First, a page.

BBVA Puerto Rico revealed its annual results Tuesday, reporting $32 million in net income for the 12-month period ended Dec. 31, 2011, equivalent to a 384.3 percent year-over-year growth.
High-ranking bank executives attributed the improvement to an increase in deposits and loans, as well as a reduction in loan delinquency rates.
At the end of 2011, the bank’s loan production reached $1.1 billion, or 68 percent over the $694 million generated in 2010. BBVA Puerto Rico’s total loan portfolio increased to $3.6 billion and total assets were slightly more than $5 billion.
In an interview with members of the local media, BBVA Puerto Rico President Rafael Varela acknowledged that the government’s Housing Stimulus program helped fuel BBVA Mortgage’s home loan business, although he could not say what percentage of the closings were related to the program that ends in December 2012.
BBVA restructured its home mortgage business last year and increased its customer service personnel to have more presence throughout its 36 branches. The line of business generated $144 million in new loans in 2011, exceeding the prior year’s volumes by 57.8 percent, company officials said.
“The success we had last year was due to a combination of things, and certainly, the government’s incentives helped. We trust that as the program phases out, the economy continues to improve, which should help the market avoid collapsing again,” Varela said.
He also said an internal five-year strategy rolled out in 2010 to spur growth in areas where its market share was below its expectations — auto, mortgage and commercial loans — is already bearing fruit, as is a new customer service approach.
Commercial loan originations increased to $599 million in 2011, from $369 million the prior year, while auto loans increased by 10.7 percent to $358 million last year from $323 million in 2010. BBVA’s auto loan market share reached 35.1 percent among all local banks, according to the results.
A focus on the customer
Last year, BBVA implemented a global business strategy under the “Cuenta Conmigo” (Count on Me) slogan to emphasize “transparency and clarity” in customer relations.
“We set out to be an authentic bank where professionalism, warmth and closeness to customers are our main traits,” Varela said. “Our business model is based on the notion that the client comes first.”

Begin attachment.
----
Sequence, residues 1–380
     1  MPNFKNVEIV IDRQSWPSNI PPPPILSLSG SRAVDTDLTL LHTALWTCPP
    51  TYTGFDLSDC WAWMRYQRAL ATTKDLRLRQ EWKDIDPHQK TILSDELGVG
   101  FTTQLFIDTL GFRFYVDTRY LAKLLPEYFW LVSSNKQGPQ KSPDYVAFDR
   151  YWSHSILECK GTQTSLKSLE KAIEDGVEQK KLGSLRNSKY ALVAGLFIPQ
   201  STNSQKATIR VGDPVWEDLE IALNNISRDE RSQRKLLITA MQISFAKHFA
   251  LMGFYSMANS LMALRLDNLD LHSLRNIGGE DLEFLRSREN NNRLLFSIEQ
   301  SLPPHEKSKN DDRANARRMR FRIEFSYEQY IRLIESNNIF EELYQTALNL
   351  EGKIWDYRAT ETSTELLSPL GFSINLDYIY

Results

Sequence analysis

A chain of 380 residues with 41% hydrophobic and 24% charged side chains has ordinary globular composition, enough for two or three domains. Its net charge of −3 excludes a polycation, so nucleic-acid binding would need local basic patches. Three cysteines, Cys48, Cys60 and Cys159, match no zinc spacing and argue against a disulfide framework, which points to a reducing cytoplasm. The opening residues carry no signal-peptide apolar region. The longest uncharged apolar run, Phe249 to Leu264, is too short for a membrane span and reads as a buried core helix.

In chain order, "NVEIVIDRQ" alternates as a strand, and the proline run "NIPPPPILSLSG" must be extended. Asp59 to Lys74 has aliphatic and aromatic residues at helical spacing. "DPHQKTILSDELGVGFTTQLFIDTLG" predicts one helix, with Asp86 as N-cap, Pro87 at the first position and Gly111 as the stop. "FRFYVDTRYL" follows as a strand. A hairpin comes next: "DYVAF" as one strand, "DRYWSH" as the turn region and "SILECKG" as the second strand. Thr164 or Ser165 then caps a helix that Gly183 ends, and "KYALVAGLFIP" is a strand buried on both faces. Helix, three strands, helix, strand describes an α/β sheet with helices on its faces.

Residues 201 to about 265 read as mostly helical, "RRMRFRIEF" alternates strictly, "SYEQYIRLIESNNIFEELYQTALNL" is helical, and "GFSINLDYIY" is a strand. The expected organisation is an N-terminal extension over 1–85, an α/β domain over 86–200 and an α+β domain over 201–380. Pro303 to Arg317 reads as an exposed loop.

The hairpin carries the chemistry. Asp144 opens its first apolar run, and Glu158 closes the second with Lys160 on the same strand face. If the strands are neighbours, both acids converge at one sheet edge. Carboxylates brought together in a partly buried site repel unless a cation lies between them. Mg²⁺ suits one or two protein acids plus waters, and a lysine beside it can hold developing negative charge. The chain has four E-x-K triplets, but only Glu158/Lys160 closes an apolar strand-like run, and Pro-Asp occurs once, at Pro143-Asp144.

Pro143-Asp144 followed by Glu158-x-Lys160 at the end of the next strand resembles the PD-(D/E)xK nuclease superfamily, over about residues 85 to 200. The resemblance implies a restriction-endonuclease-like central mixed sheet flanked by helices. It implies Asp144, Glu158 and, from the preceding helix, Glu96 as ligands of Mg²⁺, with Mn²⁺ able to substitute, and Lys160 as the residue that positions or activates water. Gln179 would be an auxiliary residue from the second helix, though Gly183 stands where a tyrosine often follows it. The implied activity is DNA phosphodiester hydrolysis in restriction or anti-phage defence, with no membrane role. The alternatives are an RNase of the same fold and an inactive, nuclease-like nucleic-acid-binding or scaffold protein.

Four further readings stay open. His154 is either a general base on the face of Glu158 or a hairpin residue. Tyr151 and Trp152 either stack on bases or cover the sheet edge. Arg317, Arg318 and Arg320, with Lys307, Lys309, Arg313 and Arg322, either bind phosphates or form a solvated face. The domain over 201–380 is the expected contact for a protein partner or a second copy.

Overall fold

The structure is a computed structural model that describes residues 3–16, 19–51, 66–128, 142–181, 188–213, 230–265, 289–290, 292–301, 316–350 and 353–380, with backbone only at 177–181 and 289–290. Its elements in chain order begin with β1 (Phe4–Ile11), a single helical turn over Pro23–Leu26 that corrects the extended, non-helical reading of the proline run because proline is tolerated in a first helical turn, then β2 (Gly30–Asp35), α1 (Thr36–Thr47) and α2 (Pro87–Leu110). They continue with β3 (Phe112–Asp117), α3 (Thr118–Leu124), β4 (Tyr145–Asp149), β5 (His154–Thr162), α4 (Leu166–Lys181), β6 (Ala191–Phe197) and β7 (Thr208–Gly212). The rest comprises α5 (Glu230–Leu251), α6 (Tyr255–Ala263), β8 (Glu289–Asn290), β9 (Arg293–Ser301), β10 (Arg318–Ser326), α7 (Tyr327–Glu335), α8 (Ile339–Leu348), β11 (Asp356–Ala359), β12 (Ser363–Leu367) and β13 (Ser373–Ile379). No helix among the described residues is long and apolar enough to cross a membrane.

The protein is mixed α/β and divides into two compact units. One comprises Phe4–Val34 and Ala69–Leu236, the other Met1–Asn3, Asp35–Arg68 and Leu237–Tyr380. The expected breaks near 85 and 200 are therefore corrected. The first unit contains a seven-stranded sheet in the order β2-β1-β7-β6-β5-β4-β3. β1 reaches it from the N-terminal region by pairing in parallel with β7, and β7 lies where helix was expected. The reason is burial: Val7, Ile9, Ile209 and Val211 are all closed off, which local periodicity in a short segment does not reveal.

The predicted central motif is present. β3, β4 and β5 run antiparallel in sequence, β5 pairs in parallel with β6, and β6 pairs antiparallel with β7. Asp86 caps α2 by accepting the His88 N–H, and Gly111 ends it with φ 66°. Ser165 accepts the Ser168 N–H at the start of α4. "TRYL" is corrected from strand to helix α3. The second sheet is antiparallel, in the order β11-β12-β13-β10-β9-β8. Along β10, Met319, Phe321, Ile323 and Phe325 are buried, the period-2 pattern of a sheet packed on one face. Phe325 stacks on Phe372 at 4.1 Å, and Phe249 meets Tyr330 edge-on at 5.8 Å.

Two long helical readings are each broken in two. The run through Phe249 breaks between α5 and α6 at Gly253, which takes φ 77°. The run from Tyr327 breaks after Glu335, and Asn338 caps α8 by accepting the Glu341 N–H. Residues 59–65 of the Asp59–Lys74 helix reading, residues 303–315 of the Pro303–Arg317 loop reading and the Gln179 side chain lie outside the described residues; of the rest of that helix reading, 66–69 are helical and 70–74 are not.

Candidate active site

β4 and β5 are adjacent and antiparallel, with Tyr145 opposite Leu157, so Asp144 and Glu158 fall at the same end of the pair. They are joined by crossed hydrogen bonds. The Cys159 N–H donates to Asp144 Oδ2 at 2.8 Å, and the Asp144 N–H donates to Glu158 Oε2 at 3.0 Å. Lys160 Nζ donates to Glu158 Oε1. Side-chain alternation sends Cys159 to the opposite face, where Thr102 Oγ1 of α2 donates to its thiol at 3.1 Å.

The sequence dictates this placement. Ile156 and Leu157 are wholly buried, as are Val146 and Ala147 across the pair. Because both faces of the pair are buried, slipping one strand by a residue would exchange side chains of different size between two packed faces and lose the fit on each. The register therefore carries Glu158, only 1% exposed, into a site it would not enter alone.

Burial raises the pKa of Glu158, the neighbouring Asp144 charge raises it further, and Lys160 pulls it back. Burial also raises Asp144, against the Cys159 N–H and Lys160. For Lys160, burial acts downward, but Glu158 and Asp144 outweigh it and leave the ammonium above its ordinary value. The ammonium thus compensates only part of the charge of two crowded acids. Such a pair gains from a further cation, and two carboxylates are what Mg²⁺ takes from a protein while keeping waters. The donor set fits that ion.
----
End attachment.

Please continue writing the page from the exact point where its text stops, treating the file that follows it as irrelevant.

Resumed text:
As a result of this strategy, customer deposits — excluding Brokered CDs and other transactions — amounted to nearly $2.5 billion, a $336 million, or 15.6 percent, increase over the total at the end of 2010.
Meanwhile, the total provision for losses was $31 million, which represents a decrease of $49 million or -61.4 percent over the previous year, a reflection of BBVA’s progress in managing its bad loan portfolio.
The bank’s loan default rate closed at 6.72%, 245 basis points less than the figure recorded in 2010 and “substantially below the average rate that banks build up in Puerto Rico,” Varela said.
BBVA Puerto Rico ‘not for sale’
Last year’s results have positioned BBVA Puerto Rico on strong footing to tackle the new year with certain “optimism that things will continue to slowly improve and we trust that improvement will happen and Puerto Rico will be able to pull out of its crisis this year,” Varela said.
BBVA Puerto Rico is part of the financial institution’s U.S. unit, where it is the third most important market behind Texas and Alabama.
“Puerto Rico is one of our key markets and it is where we have the most experience, where we’ve learned about North American banking,” said Manuel Sánchez, country manager for BBVA USA.
That said, Sánchez said the local business is not for sale, rejecting for the first time reports that began swirling late last year suggesting that BBVA Puerto Rico was planning to exit the island.
“We’re not for sale. We want to continue growing in this market, which we believe is very attractive because it is reconfiguring itself, bringing more opportunities,” said Sánchez.
“We have not needed any government to come rescue us, which allows us to do many things,” he said, referring to the 2010 debacle that wiped out three institutions from the Puerto Rico banking landscape.